About 1hr 45mins north of Brisbane is the stunning hinterland of Noosa. While most tourists head to the coastal hotspots on the Sunshine Coast, the rural towns dotted along the Bruce Hwy, are true gems. Our cute Airbnb in Cooran (a converted garage) came complete with a lush backdrop and a ton of wildlife.
Rick hiked to the top of Mt Cooroora - not for the fainthearted - with its almost sheer rockface trails. If you're feeling inspired to try it for yourself, go in July for the Pomona King of the Mountain Race. It took Rick around an hour to go and up and back but these guys do it in just over 30 mins. The phone pic below was taken by Rick to show me how steep it was.
This image below shows the visible white stripe up the mountain which is the walking track. That should give you an idea of its steepness. Apparently the view was breathtaking. I'll take Rick's word for it. Lol.
On the final morning in Cooran we opened the curtains to find this big wild beauty on the neighbouring roof. Its belly was fat and it wasn't too fazed by us curious onlookers. Thinking it might've been a carpet python.
The phone snaps below were all taken while wandering around (and eating, and sipping on hot choccies) the streets and spaces of Pomona, Cooran and Cooroy. Like Brunswick Heads, Pomona in particular was super sweet, fun, and vibrant for a small rural town.
Sunshine Coast to Gold Coast
Leaving the Sunshine Coast hinterland, we detoured via Boreen Point, Lake Cootharaba, then on to Noosa Heads for breakfast at a little gem of a place, Moonstruck. After a dip in the ocean, we wandered back through Eumundi (best to go on the day of the markets) before finally arriving at Bilinga, on the Gold Coast, for the final night of our holiday.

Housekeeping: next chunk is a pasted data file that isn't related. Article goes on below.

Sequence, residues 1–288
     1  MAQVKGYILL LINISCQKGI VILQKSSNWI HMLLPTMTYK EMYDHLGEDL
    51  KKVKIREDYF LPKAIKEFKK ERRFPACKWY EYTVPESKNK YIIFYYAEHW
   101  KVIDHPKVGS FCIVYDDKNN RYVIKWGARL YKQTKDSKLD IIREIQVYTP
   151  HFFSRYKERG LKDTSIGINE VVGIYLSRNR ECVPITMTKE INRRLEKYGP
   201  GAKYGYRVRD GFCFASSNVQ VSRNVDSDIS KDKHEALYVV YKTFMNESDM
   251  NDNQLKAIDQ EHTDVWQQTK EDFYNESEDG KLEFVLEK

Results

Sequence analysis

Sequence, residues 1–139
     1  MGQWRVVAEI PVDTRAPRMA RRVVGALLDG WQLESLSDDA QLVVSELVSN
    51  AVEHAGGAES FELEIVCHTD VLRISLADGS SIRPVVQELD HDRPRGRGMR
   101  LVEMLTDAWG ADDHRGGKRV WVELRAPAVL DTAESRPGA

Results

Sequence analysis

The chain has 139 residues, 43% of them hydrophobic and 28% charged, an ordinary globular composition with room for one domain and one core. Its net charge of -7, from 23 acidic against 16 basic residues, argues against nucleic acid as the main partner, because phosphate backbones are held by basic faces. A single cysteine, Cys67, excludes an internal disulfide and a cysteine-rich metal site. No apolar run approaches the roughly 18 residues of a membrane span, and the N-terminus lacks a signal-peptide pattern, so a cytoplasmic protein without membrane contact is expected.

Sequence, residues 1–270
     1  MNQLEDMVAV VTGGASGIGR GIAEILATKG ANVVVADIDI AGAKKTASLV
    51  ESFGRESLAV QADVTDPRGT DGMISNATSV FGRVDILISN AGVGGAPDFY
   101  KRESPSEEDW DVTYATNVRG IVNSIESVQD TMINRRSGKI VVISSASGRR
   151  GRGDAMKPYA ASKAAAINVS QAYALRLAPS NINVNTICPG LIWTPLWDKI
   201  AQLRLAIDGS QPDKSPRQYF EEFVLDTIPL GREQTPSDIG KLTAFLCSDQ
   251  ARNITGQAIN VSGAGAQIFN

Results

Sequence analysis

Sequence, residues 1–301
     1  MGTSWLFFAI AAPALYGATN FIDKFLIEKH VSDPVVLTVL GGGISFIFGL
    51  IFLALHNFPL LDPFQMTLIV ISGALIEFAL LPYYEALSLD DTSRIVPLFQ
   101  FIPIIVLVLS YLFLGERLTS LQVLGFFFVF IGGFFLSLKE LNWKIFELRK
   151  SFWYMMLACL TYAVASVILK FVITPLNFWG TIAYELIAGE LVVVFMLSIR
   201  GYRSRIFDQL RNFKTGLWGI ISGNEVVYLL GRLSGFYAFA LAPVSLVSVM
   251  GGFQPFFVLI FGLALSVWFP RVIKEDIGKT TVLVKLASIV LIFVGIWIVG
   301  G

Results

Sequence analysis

Noosa River (below), clear waters, and a gorgeous main beach at Noosa Heads.
The colourful streets (below) of Eumundi.
The Long Drive Home - Bilinga to Mittagong
Up at 4am to grab a pretty special sunrise, we reluctantly left sunny Gold Coast to head back down the coastal motorway, through Sydney, to Mittagong for an overnight pitstop.
The Long Drive Home - Bowral to Geelong
A couple of minutes down the road at Bowral in the Southern Highlands, is the Don Bradman Oval. If you're a cricketing fan, you'd salivate at the pristine grounds - one of the best you'll ever see in Australia. We were too early to look through the museum, but not too early for a walk across the crispy frosted lawn and a salute to one of the greatest cricketers who ever played the game.
Ten hours later and a few quick coffee stops in Yass and Tuncurry, with lunch in Albury, we were back in Geelong. While it's always a relief to sleep in your own bed, this was one trip which was over way too soon. Ten days of road-trippin' fun.
(Phone pics of the return trip below)
In the blink of an eye this adventure was over, but something was born inside of me and, I dare say, life will never be the same for this photographer. I discovered a real authentic and creative voice which had obviously been longing to express itself. I hope I can do the inspiration justice for future trips, but look forward to sharing them with you no matter the creative outcome.
Long live colour and the good vibes it brings! And long live the iconic road trip, may it never die!